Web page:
The first time Holly Josephs went to Brazil (summer 2015) as part of the MIT International Science & Technology Initiatives (MISTI) MIT-Brazil Program she didn't speak Portuguese. She developed an amazing connection with the country, became proficient na última flor do Lácio and did her thesis about one of her projects with the Vidigal community in Rio. Read below her Note from the Field about her experience with NETES, at the Federal University of São Paulo.
“I just found out about a fair for celebrating and sharing ideas about solidarity economy this weekend. Do you want to go?” my advisor at the Federal University of Sao Paulo asked me.
Two day later, I ended up on a plane with one other student from NETES, our social technology and solidarity economy research group, from Sao Paulo to Porto Alegre, a city in Rio Grande do Sul, the southernmost state in Brazil. We then took a 4-hour bus ride to Santa Maria where we stayed with a few university students. Southern Brazil was much colder than Sao Paulo and the city felt kind of familiar despite not having been there before.
We spent the next few days in talks about alternative local currencies, gender and race issues in Brazil, and the value of engaging university students in solidarity economy projects. As an urban planning student at MIT, I have been in many similar conversations, lectures, and workshops that have been in the American context or without geographic context. It was sobering to hear some of the same values and ideas being applied and organized in a completely different part of the world. It made me appreciate the power of these ideas that are so simple but so natural and rooted in kindness. I also realized the power of the internet which spreads these ideas at lightning speeds. At night, we spent time with our hosts playing and singing Brazilian and American songs and watching American movies with Portuguese dubbing.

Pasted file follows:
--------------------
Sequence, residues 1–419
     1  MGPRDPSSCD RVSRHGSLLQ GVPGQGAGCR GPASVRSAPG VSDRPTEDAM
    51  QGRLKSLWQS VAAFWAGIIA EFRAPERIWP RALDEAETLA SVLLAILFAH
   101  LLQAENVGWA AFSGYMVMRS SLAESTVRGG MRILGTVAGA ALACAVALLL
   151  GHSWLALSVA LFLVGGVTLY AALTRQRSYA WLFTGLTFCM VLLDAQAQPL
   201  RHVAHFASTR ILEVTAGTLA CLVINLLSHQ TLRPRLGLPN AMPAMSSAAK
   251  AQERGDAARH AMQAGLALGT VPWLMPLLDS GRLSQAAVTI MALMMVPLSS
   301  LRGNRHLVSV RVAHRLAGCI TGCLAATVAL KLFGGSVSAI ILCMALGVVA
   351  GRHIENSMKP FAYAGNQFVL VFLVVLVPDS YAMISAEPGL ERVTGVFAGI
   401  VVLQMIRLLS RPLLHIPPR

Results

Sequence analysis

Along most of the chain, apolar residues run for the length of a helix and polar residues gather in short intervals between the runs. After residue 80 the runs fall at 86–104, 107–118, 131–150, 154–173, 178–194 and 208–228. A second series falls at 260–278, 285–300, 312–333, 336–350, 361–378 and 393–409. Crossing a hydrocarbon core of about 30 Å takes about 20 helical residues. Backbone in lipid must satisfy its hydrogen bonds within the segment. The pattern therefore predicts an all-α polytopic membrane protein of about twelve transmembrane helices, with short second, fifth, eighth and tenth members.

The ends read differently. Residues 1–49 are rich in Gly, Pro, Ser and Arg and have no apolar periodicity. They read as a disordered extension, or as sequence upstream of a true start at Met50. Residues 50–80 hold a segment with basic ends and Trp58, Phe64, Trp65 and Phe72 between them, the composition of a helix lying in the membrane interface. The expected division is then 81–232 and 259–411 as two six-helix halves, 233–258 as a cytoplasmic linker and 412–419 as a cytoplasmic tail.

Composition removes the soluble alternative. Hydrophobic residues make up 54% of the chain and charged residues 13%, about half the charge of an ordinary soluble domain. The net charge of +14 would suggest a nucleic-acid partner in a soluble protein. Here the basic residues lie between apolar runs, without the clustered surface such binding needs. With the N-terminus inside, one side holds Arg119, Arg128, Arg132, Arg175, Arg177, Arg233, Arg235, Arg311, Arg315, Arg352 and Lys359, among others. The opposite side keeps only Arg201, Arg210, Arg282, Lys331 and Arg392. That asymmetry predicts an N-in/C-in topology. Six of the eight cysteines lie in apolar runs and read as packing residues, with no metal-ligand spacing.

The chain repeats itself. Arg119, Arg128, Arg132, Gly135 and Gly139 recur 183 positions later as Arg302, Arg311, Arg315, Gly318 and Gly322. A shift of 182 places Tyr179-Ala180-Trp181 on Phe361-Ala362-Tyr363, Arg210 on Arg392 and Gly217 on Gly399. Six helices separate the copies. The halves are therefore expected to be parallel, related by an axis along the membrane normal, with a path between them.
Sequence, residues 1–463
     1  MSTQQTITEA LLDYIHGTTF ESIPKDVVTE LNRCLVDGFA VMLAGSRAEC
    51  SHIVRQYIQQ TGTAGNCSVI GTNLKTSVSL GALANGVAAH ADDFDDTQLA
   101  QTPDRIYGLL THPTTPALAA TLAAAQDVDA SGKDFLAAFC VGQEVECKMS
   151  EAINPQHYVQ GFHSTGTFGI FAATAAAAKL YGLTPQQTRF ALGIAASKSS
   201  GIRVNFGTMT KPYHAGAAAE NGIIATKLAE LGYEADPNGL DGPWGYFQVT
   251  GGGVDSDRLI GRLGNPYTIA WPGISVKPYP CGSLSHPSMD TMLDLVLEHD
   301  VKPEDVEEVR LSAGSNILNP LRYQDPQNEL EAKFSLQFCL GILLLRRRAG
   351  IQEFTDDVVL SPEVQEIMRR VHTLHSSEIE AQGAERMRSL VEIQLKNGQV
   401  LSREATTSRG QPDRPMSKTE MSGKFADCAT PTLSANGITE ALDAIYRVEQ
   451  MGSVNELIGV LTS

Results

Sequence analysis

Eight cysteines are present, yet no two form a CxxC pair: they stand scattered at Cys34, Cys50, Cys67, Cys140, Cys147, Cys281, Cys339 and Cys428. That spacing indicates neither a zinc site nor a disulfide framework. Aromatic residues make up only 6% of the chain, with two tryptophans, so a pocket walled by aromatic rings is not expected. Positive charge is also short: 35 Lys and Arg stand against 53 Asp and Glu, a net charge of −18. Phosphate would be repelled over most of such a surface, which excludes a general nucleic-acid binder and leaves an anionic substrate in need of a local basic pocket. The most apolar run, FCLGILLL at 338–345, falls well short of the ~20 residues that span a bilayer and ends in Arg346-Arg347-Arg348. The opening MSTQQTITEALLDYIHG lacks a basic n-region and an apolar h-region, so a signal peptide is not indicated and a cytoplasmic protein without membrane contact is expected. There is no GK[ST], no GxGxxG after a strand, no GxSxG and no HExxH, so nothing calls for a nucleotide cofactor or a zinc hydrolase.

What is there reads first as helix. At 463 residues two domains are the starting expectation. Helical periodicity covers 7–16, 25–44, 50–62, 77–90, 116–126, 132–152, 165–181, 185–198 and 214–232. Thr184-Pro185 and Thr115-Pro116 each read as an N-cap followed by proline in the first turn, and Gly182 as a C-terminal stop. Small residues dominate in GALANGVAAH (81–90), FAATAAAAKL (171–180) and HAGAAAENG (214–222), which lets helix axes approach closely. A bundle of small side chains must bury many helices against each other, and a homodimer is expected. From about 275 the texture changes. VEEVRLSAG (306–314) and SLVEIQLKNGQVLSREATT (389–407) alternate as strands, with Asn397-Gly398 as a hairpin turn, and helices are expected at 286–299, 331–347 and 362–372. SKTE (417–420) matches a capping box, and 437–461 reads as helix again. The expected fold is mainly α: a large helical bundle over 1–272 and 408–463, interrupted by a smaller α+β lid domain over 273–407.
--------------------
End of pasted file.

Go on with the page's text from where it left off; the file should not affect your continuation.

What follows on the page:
Back in Sao Jose dos Campos in Sao Paulo, we began to work on the plans for a mobile museum to show the benefits of social technology and solidarity economy methods. These ideas are rooted in building communal wealth through sharing available skills, time, and resources. I spent most of my time designing a video game to practice personal economic interactions using a local alternative currency. The game allows the player to spend as he/she normally would for a week in the national currency and then repeat the purchases in a local currency to show the difference in money flows in the local, national, and international economy just from this one person’s choices.
I also continued my involvement in creating an online social network for the non-profit organizations in Sao Jose dos Campos. We planned to build a categorized, searchable, interactive map of the different organizations in the city to enable people in need to find specific services and for the different organizations to find each other and increase the potential for collaboration. Participating in this project has helped me organize my thoughts about how to increase the connectedness of social services in Boston or New York. I now have a model to follow to create a similar tool for a similar problem that all social workers complain about in American cities. And it will probably be easier to build in English :) "